United States District Court, D. Arizona
Michelle L. Ader, Plaintiff,
Commissioner of Social Security Administration, Defendant.
K. Duncan, United States Magistrate Judge.
Michelle L. Ader appeals from the denial of her application
for benefits from the Social Security Administration. This
Court has jurisdiction pursuant to 42 U.S.C. § 405(g)
and, with the parties' consent to Magistrate Judge
jurisdiction, pursuant to 28 U.S.C. § 636(c). As
detailed below, the Court concludes that the ALJ's
decision contained legal errors and so a remand for an award
of benefits is appropriate.
matter, the relevant time period is finite and begins on the
alleged onset date of October 1, 2010, and ends when
Ader's Title II disability insurance benefits ended on
March 30, 2014. (Tr. 39) As a result, Ader's burden is
to show that she was disabled before March 30, 2014.
Tidwell v. Apfel, 161 F.3d 599, 601 (9th
Cir. 1998); Lombardo v. Schweiker, 749 F.2d 565, 567
(9th Cir. 1984).
court must affirm the ALJ's findings if they are
supported by substantial evidence and are free from
reversible error. Marcia v. Sullivan, 900 F.2d 172,
174 (9thCir. 1990). Substantial evidence is more
than a mere scintilla, but less than a preponderance; it is
“such relevant evidence as a reasonable mind might
accept as adequate to support a conclusion.”
Richardson v. Perales, 402 U.S. 389, 401 (1971). In
determining whether substantial evidence supports the
ALJ's decision, the court considers the record as a
whole, weighing both the evidence that supports and that
which detracts from the ALJ's conclusions. Reddick v.
Chater, 157 F.3d 715, 720 (9th Cir. 1988).
The ALJ is responsible for resolving conflicts, ambiguity,
and determining credibility. Andrews v. Shalala, 53
F.3d 1035, 1039 (9th Cir. 1995); Magallanes v.
Bowen, 881 F.2d 747, 750 (9th Cir. 1989).
Thus, the Court must affirm the ALJ's decision where the
evidence considered in its entirety substantially supports it
and the decision is free from reversible error. 42 U.S.C.
§ 405(g); Hammock v. Bowen, 879 F.2d 498, 501
(9th Cir. 1989).
proceeding pro per, raises several related
challenges to the ALJ's decision. (Docs. 25, 30)
was evaluated at the request of the State agency by Renee
Behinfar, Psy.D. (Tr. 575-80) In her subsequent written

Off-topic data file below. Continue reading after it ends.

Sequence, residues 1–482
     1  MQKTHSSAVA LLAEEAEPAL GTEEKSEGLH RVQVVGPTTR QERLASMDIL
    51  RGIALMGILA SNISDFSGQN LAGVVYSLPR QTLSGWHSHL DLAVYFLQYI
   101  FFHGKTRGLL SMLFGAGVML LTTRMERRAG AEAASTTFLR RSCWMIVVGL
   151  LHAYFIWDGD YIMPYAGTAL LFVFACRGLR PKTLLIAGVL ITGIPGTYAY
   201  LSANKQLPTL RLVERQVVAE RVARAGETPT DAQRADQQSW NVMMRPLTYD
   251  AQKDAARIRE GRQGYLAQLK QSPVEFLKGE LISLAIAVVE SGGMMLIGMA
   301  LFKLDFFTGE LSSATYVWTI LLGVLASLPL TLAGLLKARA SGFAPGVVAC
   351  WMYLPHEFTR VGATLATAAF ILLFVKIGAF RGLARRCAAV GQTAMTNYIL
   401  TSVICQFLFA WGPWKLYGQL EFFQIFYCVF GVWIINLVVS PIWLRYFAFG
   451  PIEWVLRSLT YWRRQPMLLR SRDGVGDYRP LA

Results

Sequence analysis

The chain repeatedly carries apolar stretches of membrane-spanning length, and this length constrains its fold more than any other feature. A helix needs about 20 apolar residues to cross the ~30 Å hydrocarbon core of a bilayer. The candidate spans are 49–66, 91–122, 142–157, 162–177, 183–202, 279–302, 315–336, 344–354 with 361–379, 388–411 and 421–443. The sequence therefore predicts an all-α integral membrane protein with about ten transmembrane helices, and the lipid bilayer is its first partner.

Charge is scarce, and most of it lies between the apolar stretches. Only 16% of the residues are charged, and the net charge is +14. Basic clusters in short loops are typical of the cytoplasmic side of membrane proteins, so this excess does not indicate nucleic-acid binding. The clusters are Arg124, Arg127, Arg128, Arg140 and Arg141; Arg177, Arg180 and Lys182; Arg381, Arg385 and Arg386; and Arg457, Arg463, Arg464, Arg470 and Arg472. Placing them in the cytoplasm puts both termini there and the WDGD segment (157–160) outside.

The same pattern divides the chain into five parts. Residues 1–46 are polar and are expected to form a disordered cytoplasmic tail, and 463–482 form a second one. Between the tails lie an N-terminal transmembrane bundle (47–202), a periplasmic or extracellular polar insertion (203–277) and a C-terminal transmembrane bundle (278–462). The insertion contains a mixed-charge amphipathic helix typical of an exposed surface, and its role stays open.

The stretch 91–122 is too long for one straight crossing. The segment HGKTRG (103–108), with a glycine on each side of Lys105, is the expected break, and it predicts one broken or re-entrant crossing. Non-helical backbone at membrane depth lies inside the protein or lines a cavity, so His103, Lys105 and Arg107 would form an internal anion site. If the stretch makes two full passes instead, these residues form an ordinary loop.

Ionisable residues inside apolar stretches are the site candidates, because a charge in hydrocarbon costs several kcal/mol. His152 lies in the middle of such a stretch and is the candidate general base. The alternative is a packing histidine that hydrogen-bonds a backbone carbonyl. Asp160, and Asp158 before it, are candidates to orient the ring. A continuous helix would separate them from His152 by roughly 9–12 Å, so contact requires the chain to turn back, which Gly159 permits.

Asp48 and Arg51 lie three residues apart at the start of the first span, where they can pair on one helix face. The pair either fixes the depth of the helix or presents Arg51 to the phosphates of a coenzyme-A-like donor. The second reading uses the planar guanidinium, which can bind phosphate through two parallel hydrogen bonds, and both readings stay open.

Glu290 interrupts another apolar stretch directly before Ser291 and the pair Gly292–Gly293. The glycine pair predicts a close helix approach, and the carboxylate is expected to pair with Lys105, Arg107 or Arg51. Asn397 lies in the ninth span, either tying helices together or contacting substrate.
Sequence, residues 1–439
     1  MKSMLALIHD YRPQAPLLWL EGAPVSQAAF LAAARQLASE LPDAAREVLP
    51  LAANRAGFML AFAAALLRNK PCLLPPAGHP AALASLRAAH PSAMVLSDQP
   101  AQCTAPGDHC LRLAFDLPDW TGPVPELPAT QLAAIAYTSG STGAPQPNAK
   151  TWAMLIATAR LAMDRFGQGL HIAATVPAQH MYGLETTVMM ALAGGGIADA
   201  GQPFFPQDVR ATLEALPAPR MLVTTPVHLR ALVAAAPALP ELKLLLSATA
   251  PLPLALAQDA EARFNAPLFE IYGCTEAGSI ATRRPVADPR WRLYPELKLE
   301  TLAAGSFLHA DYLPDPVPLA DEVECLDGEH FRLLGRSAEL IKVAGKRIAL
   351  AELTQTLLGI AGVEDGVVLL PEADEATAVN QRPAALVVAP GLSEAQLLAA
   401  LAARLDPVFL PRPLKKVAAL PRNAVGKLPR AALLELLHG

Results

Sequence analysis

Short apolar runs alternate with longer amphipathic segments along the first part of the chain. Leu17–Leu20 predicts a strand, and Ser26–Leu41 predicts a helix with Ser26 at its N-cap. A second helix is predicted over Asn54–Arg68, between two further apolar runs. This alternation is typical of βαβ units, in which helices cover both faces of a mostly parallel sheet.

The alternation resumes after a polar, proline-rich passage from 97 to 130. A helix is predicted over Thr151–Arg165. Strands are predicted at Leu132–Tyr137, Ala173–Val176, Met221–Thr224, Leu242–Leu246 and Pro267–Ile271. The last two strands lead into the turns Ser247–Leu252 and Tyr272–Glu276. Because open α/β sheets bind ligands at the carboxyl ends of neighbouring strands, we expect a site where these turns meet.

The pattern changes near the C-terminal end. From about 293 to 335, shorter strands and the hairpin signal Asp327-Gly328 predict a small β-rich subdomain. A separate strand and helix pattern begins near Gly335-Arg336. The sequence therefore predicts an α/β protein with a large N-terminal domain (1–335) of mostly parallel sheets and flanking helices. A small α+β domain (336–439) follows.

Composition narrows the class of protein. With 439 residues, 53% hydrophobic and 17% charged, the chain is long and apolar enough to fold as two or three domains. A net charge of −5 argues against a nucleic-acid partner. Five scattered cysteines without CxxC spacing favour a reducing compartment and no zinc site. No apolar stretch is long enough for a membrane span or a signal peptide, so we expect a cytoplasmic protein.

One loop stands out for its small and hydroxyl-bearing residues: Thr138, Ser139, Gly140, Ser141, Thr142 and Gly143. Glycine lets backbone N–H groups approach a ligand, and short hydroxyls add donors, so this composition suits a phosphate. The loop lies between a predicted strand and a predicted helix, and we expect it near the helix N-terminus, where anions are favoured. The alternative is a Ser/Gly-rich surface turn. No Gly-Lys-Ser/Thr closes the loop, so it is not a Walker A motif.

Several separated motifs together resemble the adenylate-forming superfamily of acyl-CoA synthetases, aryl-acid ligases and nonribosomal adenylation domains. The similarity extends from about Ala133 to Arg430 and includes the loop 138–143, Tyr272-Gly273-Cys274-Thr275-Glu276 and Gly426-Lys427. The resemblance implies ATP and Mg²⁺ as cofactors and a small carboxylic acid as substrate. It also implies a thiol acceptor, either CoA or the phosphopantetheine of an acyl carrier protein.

report, Dr. Behinfar concluded that Ader had unspecified
bipolar disorder and unspecified anxiety disorder. (Tr. 577)
This conclusion is uncontroverted. (Tr. 37-47) In her
opinion, the ALJ gave Dr. Behinfar's opinion
“little weight.” The relevant paragraph of ALJ
decision states as follows:
Little weight is afforded to the opinion of the Consultative
Examiner Renee Behinfar, Psy.D. who concluded the claimant
would have cognitive limitations from her mental impairments.
(8F) Specifically, the examiner concluded the claimant could
understand simpl1e instructions and would require greater
than average time to adapt. (8F) The undersigned finds the
opinion is inconsistent with and unsupported by the evidence.
The claimant got married and had two children during the
alleged disability period. She raises the two minor children
in her household, drives independently, can attend to
personal care limited only by physical impairments, shops for
groceries, can watch television without reported difficulty
in understanding and following story/plot-lines, was
cooperative during her examinations with consultative
examiners and is not in any formal mental health treatment
(See Exhibits 5E, 8F, 9F, 10F). Further, the claimant has
never been hospitalized due to severe decline in mental
health. The foregoing suggests a level of cognitive ability
inconsistent with the opinion of Dr. Behinfar, accordingly,
the opinion is afforded little weight.
assign little weight to Dr. Behinfar's uncontroverted
opinion, the ALJ needed to provide “‘clear and
convincing' reasons for doing so.” Morgan v.
Commissioner of Social Sec. Admin., 169 F.3d 595, 601
(9th Cir. 1999) (citations omitted). The Court has
reviewed the relevant portions of the record and concludes
that the ALJ has not provided clear and convincing reasons
for rejecting Dr. Behinfar's opinion.
ALJ's first series of justifications-Ader's marital
status and her ability to drive, shop, watch television, and
cooperate with examiners-do not show that Ader can work and
instead fall squarely into the category of daily activities
that do “not in any way detract from her credibility as
to her overall disability. One does not need to be
‘utterly incapacitated' in order to be
disabled.” Vertigan v. Halter, 260 F.3d 1044,
1050 (9th Cir. ...